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Facebook will ban QAnon groups and pages from platform

Facebook has announced it will ban QAnon groups and pages from its platform. 'The Hype Machine' Author and MIT David Austin Professor of Management Sinan Aral joins the On the Move panel to discuss.

Video Transcript

JULIE HYMAN: There are, of course, some other things that can go wrong with these social networks that they themselves are trying to address. Most recently, Facebook said it's now going to be banning QAnon groups and pages. We have also seen some curbs in recent days put on President Trump's tweets, for example, when he said that the seasonal flu was more deadly than the coronavirus.

As we have seen this year progress-- or regress, depending on how you look at it-- have we seen the social networks get any better at this kind of stuff, this QAnon action, for example?

SINAN ARAL: Yes, but. And the "but" is it's small and it's late to the game, OK? I am a big advocate of free speech. But you can't yell "fire" in a crowded theater. You can't defame. You can't violate the 14th amendment with speech. And there's clearly speech-- incitements to violence and so on-- that cause harm. This needs to be moderated by the platforms.

They began moderating QAnon piecemeal, this specific speech or that specific speech. But QAnon adapted very quickly. They adopted palatable hashtags that got around the moderation. And so I think it's legitimate to take this much broader and wider action, although Facebook reports that it will take them some time to really clean it up. I do think it's important.

I do believe that there are legitimate ways to circumscribe free speech where it causes harm that are clear. And this is one that is clear. It's incitements to violence. QAnon is very much associated with those. In addition, it's clear defamation against known political candidates and/or others that are false information, clearly false information.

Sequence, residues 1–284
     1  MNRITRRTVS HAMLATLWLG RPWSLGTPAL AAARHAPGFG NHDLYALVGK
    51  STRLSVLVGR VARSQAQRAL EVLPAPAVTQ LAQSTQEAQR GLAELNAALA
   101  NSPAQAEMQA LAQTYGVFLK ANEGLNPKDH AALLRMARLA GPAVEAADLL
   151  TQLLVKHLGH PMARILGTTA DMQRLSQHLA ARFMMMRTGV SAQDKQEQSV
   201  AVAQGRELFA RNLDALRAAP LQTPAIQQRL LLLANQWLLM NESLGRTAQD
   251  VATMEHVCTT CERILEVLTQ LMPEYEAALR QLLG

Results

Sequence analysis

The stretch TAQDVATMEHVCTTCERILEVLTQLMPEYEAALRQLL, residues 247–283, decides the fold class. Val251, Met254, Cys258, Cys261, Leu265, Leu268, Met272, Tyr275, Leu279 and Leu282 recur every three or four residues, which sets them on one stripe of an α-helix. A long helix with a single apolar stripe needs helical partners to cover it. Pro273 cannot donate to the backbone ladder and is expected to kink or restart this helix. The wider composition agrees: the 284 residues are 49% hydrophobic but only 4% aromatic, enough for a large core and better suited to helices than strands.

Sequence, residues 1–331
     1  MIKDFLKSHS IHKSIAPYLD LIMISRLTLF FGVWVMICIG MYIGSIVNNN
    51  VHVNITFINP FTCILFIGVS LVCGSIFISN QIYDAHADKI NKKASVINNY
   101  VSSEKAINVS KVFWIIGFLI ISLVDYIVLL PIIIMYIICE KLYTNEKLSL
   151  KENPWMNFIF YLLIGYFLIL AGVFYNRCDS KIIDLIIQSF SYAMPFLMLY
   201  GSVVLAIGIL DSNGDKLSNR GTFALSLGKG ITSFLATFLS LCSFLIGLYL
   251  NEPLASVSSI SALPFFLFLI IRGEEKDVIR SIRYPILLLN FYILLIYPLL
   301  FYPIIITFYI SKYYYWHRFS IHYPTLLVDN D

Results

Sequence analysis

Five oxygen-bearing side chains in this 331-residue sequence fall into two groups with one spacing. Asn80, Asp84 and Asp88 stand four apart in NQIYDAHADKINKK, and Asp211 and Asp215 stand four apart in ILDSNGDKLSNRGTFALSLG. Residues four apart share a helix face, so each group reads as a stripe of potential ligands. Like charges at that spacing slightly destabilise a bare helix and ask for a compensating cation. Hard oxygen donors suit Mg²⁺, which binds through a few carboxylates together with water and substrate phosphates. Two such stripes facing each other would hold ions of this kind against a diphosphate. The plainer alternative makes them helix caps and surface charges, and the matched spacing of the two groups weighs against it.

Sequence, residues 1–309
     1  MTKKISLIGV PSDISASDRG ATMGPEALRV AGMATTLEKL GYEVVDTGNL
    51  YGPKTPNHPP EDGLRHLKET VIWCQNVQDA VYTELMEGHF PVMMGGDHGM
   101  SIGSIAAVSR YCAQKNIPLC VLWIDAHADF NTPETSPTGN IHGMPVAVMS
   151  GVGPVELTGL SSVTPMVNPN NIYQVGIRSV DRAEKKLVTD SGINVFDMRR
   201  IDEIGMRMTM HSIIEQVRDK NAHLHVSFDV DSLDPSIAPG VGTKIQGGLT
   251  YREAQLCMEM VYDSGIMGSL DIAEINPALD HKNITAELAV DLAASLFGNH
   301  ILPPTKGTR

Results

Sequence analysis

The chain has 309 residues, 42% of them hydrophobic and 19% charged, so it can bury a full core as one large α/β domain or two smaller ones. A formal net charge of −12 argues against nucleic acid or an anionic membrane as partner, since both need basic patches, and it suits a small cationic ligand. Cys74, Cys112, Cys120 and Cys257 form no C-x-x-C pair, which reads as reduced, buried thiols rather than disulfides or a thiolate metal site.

I think this is an easy one. This is one of the easier content moderations for Facebook. They should have done it a long time ago.

JULIA LA ROCHE: Sinan, it's Julia La Roche. And to build upon that, I would be interested to have you just kind of walk us through it very much human speak what that might look like for the platforms to regulate and moderate this kind of behavior? It seems like a pretty daunting challenge. How exactly can they do that?

SINAN ARAL: There's really three ways. And that's machine intelligence or machine learning, employees-- they've hired 35,000 at Facebook-- that's a human in the loop of the machine process, and crowd sourcing, getting individuals to flag content as harmful, as fake, as false, and so on. When you combine these three together, they can be effective as a scalable solution to content moderation.

Any one of them by themselves will face difficulty. Obviously, machine learning isn't perfect at solving this problem. Obviously, employees and moderators face a lot of stress in making difficult decisions. And there's not enough of them. And the crowd needs guidance and guardrails. The three of them together could work well to scale a content-moderation system that's much better than the one we have today.

JULIE HYMAN: Sinan, always good to get your perspective. Thank you. Sinan Aral is "The Hype Machine" author. And he's also the David Austen Professor of Management at MIT.